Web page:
1st Student's Major

Communication Studies

1st Student's College

Arts and Humanities

Students' Professional Biography

Brianna Kloss is a graduating senior at Minnesota State University, Mankato, and is looking forward to graduate school to continue her studies in feminist research. Her decision to major in psychology was made due to a longtime interest in psychological disorders after being diagnosed with Bipolar. Before graduating from Mankato East High School in 2002, she volunteered with a student-lead Yellow Ribbon Suicide Intervention/Prevention Program group. In addition to continued volunteerism she enjoyed providing volunteer opportunities for others as an Activities Coordinator for Psi Chi National Honor Society for Psychology.

Mentor's Name

Rachel Anderson Droogsma

Mentor's Email Address


Mentor's Department

Communication Studies

Mentor's College

Arts and Humanities


Criticisms of the Diagnostic and Statistical Manual of Mental Disorders (4th ed., text rev.; DSM-IV-TR; American Psychiatric Association [APA], 2000), the most widely recognized system for classification of psychological disorders in the U.S., including gender discriminating disorders and diagnoses, have existed for all editions of the DSM. Arguably, gender construction has a profound influence on the standards and evaluation of normal and abnormal behaviors. Concern for the presence of gender bias of personality disorders has been raised within the DSM, in part, by the frequent diagnoses made according to gender stereotypes. The DSM-IV-TR characterizes personality disorders as marked distress and impairment caused by persistent and inflexible thoughts and behaviors that deviate from cultural norms (APA, 2000). Disorders are categorized into three clusters: (A) odd or eccentric, (B) dramatic, emotional, or erratic, and (C) fearful or anxious. With a specific focus on cluster b personality disorders (Antisocial, Borderline, Narcissistic, and Histrionic), I conducted a rhetorical analysis of the diagnostic criteria to evaluate evidence of consistency with, or deviation from, gender expected behaviors: four masculine and four feminine expectations, explicated by Wood (2007). Similar underlying characteristics of criterion between disorders were masked by differences of gendered behaviors, i.e. impulsivity, which has been defined differently across the gendered disorders. Disorders were then compared based on similarity of diagnostic characteristics, level of gender consistency, and the prevalence and frequency of gendered diagnoses. Adopting a multidimensional approach for the diagnosis of personality disorders would be more comprehensive and would accommodate for individual human differences and support the development of new treatments.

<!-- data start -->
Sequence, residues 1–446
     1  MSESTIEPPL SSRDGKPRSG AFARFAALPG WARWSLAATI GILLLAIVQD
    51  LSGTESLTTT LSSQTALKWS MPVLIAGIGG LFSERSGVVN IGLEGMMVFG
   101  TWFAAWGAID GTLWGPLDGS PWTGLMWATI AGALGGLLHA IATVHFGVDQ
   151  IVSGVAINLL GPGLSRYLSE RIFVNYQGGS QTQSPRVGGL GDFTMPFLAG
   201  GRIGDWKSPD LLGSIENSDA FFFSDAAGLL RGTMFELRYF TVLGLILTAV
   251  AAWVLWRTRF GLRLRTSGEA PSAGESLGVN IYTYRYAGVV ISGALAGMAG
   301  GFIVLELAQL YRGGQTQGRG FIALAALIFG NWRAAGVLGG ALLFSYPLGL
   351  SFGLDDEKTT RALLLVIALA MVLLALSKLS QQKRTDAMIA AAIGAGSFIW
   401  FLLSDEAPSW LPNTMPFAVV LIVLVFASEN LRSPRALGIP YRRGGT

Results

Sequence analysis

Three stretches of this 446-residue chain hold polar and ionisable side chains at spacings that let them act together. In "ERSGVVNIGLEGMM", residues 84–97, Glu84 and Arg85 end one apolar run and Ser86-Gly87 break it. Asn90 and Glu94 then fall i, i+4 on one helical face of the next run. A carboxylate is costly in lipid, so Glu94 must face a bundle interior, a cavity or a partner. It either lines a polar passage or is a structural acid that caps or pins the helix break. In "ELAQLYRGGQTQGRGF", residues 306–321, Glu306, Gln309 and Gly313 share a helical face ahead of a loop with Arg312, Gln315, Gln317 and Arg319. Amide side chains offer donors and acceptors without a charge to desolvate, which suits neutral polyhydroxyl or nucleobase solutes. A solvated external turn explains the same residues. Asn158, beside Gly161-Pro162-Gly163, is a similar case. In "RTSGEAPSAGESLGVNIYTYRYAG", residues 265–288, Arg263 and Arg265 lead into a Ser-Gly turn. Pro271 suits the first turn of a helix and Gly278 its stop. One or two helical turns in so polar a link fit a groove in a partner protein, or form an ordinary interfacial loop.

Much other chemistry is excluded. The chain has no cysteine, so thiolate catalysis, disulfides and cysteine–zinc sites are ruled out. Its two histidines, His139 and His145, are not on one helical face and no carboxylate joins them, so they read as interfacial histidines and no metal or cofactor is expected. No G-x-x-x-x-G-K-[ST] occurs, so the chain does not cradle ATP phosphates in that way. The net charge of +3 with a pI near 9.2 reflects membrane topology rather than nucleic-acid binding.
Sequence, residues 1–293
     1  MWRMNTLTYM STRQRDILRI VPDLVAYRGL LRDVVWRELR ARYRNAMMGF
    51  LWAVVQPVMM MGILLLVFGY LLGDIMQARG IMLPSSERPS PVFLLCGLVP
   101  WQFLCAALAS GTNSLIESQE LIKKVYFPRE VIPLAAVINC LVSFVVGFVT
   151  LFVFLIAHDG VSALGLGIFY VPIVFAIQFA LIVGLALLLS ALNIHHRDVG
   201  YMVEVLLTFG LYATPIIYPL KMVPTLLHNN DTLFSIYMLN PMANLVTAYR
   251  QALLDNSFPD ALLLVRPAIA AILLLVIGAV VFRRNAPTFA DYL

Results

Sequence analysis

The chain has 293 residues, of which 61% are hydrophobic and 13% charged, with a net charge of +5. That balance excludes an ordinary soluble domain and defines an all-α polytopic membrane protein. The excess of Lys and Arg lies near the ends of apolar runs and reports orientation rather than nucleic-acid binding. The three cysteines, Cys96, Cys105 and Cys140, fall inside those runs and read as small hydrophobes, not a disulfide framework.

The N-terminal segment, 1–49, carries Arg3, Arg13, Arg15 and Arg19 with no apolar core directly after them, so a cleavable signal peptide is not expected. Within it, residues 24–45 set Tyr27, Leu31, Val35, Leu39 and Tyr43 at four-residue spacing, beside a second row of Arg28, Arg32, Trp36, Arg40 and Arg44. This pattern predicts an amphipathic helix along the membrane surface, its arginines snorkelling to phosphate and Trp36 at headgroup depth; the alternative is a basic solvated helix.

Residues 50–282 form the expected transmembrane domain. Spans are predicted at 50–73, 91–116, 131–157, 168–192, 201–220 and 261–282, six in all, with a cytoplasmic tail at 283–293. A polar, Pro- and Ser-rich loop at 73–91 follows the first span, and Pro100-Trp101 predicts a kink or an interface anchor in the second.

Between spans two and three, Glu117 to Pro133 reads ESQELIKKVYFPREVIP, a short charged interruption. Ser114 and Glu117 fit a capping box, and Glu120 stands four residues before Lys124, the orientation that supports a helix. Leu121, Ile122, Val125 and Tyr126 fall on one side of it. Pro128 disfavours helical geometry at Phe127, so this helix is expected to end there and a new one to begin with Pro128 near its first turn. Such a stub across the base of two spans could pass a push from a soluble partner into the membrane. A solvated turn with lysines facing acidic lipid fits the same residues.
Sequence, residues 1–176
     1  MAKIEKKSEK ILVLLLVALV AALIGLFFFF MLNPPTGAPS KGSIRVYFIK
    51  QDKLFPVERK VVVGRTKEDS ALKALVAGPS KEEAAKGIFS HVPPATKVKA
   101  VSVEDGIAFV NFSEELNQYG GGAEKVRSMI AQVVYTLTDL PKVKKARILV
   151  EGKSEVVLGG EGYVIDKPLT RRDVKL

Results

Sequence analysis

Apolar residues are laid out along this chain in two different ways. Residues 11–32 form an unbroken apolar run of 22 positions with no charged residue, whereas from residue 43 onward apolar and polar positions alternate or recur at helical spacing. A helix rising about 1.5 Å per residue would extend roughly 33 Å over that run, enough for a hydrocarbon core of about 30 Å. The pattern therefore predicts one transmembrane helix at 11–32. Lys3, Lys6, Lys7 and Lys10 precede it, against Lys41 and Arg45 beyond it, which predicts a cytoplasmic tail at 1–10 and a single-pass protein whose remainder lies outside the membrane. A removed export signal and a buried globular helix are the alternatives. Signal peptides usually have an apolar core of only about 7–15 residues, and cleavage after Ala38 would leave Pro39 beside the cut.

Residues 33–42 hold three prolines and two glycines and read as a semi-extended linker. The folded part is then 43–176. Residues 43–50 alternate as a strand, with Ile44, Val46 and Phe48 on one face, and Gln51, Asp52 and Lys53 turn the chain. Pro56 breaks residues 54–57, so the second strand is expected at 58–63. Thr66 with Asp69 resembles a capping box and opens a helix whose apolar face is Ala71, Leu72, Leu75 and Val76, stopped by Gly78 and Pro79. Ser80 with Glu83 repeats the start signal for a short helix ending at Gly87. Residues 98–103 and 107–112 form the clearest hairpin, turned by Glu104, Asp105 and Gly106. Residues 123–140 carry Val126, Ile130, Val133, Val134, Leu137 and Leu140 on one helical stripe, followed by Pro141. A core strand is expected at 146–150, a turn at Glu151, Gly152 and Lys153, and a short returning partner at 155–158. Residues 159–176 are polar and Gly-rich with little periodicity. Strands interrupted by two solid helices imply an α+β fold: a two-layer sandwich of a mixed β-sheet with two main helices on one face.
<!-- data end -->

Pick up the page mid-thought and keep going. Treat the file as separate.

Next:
Creative Commons License

Creative Commons Attribution-Noncommercial 4.0 License
This work is licensed under a Creative Commons Attribution-Noncommercial 4.0 License



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